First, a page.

If the Nazis could have chosen a target none would have been better than the Guards Chapel.
It was the home of the  Royal Guardsmen based at the Wellington Barracks.
The church was packed that morning with Guardsmen, and their families and friends. Just past 11.00  a.m.  Just after the
service started, the congregation heard a distant buzzing. It gradually grew louder and turned into a roar overhead which
drowned out the hymn singing. The engine cut out and the V1 glided down and exploded on the roof of the chapel
The Guards Chapel Tragedy
The attack resumed with full force on the 15th June, but this time with a much increased launch rate. What had been a joke
"Hitler's secret weapon " was now generating fear and terror in Londoners. By the weekend of the 17th -18th June up to 60
V1's a day were reaching the capital.  Over the weekend of 17th and 18th June 45 V1's were to strike in the South London
area  that I have researched  killing 200 people.
Serious incidents were occurring in all London boroughs although, as would be the case throughout the campaign South and
South East London took the brunt of the attack.
On Sunday 18th June a flying bomb hit one side of Hungerford rail bridge demolishing some of  the tracks. This was the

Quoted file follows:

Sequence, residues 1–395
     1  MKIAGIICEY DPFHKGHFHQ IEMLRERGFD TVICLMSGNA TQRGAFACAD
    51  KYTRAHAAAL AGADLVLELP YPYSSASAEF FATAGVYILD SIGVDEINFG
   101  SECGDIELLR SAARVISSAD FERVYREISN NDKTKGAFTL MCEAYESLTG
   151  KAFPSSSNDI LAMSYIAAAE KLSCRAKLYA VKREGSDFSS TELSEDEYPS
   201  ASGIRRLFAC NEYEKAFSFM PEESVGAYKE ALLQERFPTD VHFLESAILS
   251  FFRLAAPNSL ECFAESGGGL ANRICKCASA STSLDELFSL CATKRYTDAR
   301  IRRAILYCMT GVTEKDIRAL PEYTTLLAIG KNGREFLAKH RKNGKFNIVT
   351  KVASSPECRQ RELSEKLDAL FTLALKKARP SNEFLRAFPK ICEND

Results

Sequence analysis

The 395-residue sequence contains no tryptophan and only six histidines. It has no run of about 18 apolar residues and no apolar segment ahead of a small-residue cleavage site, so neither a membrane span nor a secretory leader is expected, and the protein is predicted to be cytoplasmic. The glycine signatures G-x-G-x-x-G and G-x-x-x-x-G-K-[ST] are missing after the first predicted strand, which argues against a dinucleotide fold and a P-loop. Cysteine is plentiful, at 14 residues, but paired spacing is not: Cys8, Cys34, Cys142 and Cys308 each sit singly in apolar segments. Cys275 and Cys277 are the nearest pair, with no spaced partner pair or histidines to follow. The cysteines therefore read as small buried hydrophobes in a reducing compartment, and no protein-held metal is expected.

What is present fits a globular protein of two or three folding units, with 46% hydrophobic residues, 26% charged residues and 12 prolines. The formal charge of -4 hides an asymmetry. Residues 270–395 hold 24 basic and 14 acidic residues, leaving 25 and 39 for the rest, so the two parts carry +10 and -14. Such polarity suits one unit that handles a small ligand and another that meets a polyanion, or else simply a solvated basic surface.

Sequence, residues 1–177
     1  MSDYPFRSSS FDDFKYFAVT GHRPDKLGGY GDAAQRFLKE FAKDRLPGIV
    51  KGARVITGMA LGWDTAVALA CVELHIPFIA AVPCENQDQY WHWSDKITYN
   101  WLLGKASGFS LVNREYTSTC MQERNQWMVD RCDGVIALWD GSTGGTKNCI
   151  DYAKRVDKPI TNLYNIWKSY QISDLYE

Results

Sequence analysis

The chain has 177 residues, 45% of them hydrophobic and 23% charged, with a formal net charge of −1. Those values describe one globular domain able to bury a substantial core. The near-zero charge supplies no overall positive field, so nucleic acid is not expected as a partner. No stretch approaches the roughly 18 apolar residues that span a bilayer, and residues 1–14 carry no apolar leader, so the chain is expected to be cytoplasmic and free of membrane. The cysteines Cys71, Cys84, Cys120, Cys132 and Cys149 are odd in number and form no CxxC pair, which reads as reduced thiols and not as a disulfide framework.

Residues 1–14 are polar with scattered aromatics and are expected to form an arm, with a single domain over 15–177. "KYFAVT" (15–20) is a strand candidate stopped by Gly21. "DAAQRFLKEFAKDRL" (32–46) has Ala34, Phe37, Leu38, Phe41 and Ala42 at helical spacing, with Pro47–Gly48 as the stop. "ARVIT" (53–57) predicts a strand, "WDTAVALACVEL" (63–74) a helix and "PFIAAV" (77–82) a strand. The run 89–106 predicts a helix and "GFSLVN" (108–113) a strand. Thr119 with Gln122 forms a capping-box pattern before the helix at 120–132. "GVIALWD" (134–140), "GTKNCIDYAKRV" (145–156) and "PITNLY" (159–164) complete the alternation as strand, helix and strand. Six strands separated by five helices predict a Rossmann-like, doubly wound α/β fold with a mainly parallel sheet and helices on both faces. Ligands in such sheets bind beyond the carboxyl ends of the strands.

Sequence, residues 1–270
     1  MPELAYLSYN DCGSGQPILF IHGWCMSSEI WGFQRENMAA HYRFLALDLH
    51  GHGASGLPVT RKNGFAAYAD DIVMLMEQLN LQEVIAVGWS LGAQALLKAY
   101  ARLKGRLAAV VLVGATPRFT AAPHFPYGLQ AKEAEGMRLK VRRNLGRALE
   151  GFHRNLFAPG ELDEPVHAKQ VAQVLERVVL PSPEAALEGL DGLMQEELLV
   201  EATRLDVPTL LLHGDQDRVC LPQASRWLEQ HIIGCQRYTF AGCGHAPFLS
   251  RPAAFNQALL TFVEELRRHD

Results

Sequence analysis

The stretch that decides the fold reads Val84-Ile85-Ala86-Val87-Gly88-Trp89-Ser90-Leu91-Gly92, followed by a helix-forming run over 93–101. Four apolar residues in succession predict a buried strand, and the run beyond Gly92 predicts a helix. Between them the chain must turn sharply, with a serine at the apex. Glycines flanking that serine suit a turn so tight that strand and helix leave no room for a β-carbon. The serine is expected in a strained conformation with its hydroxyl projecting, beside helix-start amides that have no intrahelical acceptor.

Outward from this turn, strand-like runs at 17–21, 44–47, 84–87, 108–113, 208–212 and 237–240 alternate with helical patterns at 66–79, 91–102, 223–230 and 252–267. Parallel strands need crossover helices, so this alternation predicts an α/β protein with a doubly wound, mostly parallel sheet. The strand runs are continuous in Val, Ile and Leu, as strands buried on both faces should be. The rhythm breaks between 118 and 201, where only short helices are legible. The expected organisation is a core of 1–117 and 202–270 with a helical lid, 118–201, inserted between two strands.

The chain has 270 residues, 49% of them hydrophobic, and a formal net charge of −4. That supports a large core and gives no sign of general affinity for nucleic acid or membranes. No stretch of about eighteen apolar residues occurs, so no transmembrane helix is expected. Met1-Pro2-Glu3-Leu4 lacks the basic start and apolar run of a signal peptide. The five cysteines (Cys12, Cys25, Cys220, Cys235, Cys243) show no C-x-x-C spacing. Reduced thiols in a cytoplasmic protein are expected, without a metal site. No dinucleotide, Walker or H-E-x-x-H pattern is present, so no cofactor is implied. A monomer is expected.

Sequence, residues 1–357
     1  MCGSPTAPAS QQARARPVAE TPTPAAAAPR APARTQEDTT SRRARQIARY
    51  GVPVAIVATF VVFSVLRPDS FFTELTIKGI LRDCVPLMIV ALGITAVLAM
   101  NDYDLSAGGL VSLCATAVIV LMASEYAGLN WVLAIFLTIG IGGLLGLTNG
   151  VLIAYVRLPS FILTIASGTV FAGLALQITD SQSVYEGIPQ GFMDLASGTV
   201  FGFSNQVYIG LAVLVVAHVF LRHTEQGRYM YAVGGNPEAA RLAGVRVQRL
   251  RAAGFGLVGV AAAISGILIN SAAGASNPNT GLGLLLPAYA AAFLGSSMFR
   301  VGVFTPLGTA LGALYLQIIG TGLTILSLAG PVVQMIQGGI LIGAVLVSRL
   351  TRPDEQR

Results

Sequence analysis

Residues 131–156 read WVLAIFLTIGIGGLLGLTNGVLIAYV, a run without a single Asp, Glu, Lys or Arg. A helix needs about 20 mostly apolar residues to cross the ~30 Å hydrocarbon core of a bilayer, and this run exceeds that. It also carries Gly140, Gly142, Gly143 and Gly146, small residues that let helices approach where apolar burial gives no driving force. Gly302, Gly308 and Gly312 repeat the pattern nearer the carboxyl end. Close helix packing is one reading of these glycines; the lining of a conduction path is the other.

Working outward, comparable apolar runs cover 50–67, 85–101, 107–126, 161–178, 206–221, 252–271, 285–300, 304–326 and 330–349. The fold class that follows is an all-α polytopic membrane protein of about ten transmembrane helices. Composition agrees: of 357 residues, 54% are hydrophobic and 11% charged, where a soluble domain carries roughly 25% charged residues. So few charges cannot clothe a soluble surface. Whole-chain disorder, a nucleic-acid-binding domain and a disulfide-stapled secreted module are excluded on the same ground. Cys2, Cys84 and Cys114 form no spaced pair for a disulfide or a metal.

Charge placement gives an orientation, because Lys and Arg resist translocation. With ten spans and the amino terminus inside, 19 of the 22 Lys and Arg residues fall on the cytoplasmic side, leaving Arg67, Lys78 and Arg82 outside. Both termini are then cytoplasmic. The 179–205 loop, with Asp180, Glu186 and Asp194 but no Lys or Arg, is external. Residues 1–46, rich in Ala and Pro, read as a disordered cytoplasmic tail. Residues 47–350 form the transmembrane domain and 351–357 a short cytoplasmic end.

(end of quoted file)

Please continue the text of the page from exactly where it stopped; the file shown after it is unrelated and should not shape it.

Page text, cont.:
500th V1 launched. Later that morning a further bomb
impacted in Rutherford Street Westminster killing 10 people, and
demolishing two blocks of flats But far worse was to come later that morning.
If the Luftwaffe could have chosen a target none would have been better than the Guards Chapel.
It stood in
Bird Cage Walk, St James and was the home of the  Royal Guardsmen based at the Wellington Barracks.
The church was packed that morning with Guardsmen, their families and friends. Just past 11.00  a.m.  Not long after the
service started, the congregation heard a distant buzzing. It gradually grew louder and turned into a roar overhead which
drowned out the hymn singing. The engine cut out and the V1 glided down and hit the roof of the chapel. This was made of
concrete, having been rebuilt after damage by incendiary bombs in the blitz. The V1 exploded on impact and the whole roof
collapsed on the congregation. Rubble was piled up to 10 foot deep in parts.
121 military and civilians were killed and 141 seriously injured. Only the Bishop of Maidstone, who was conducting the
service was totally unhurt. The altar from which he was conducting the service was covered by a portico which sheltered
him from the blast.
Legend has it that after the explosion the alter candles were still burning.
It took 2 days to dig the dead and injured out of the devastation. News of this awful tragedy was suppressed at the time
although rumours of the disaster soon spread across London. It was a graphic illustration at an early stage of the attacks
what a V1 could do and ,in terms of lives lost was the worst V1 disaster. You can visit the poignant guards chapel today
which was re-built in the 1960's to a 1950's design. The portico which sheltered the Bishop of Maidstone survived and
forms part of the re-built structure.
The Guards chapel 18th June 1944
Next  : Read about The Aldwych disaster
Next  : Read about The
Aldwych disaster